Folic acid safety and toxicity: a brief review

Am J Clin Nutr. 1989 Aug;50(2):353-8. doi: 10.1093/ajcn/50.2.353.


Oral folic acid (pteroylglutamic acid) is generally regarded as not toxic for normal humans but it may cause neurological injury when given to patients with undiagnosed pernicious anemia. The vitamin should be given with caution to drug-treated epileptic patients because seizure control may be affected. Some studies suggest that folic acid supplements interfere with intestinal zinc absorption in humans and animals but others do not confirm such an effect. The weight of current evidence favors the view that daily supplements of 5-15 mg folic acid do not have significant adverse effects on Zn nutriture in healthy nonpregnant subjects. Because antifolate medications are now being used to treat a wide range of malignant and nonmalignant disorders, further investigation is needed concerning folate metabolism and the safety of supplements in patients with these disorders.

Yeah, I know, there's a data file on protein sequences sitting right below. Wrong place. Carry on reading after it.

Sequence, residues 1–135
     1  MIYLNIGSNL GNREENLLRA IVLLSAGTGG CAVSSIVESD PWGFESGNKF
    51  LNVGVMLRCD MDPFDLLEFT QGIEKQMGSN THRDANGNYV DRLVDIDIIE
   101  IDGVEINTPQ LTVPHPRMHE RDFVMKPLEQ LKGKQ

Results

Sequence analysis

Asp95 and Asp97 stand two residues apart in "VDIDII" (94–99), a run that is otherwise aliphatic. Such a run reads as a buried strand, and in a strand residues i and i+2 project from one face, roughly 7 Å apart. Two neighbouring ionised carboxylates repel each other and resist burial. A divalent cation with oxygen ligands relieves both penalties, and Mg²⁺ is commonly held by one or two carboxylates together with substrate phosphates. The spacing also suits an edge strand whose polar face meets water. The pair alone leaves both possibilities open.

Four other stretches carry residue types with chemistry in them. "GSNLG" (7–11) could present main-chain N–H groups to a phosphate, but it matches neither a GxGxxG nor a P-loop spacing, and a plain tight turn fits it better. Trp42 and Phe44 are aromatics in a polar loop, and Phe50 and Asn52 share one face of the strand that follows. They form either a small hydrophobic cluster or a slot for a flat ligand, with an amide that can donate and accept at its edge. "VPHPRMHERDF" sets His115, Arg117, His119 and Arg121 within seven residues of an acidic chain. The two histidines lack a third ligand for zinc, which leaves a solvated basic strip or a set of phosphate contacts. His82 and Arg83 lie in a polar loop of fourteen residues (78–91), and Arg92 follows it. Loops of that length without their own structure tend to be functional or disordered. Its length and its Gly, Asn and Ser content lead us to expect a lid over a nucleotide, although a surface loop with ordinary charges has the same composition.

Publication types

  • Research Support, U.S. Gov't, P.H.S.
  • Review

MeSH terms

  • Anemia, Pernicious / complications
  • Animals
  • Drug Interactions
  • Folic Acid / pharmacology*
  • Folic Acid / toxicity
  • Folic Acid Antagonists / pharmacology
  • Humans
  • Rats
  • Rats, Inbred Strains
  • Spinal Cord Diseases / complications
  • Zinc / pharmacology


  • Folic Acid Antagonists
  • Folic Acid
  • Zinc